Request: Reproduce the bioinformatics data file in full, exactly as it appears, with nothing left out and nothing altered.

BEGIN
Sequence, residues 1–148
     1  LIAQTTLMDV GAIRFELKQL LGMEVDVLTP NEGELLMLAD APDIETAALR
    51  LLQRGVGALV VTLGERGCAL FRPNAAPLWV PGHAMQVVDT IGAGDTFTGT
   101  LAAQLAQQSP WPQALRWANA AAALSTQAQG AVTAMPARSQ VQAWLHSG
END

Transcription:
Sequence, residues 1–148
     1  LIAQTTLMDV GAIRFELKQL LGMEVDVLTP NEGELLMLAD APDIETAALR
    51  LLQRGVGALV VTLGERGCAL FRPNAAPLWV PGHAMQVVDT IGAGDTFTGT
   101  LAAQLAQQSP WPQALRWANA AAALSTQAQG AVTAMPARSQ VQAWLHSG